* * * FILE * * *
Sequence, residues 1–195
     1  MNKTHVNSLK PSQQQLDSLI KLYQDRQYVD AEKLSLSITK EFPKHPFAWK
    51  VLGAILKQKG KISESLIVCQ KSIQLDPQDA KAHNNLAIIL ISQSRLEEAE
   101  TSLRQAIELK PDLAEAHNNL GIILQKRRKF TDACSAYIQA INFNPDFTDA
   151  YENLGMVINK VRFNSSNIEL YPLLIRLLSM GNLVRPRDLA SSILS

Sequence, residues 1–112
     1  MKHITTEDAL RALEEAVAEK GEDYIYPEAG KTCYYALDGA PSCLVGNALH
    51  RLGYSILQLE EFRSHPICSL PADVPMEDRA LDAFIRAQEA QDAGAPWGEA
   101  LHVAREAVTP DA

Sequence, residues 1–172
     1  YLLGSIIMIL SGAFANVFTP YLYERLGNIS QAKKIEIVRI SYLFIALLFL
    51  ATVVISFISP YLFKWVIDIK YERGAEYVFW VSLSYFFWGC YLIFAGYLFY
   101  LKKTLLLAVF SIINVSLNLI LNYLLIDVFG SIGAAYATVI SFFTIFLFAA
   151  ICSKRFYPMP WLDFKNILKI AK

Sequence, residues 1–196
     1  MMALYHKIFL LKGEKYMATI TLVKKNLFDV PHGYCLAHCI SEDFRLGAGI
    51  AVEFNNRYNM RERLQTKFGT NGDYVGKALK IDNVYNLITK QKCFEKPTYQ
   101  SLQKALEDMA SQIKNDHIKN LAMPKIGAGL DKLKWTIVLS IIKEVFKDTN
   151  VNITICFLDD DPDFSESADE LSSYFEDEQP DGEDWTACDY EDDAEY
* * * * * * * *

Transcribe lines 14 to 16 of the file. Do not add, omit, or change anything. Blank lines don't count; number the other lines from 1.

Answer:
   151  ICSKRFYPMP WLDFKNILKI AK

Sequence, residues 1–196
     1  MMALYHKIFL LKGEKYMATI TLVKKNLFDV PHGYCLAHCI SEDFRLGAGI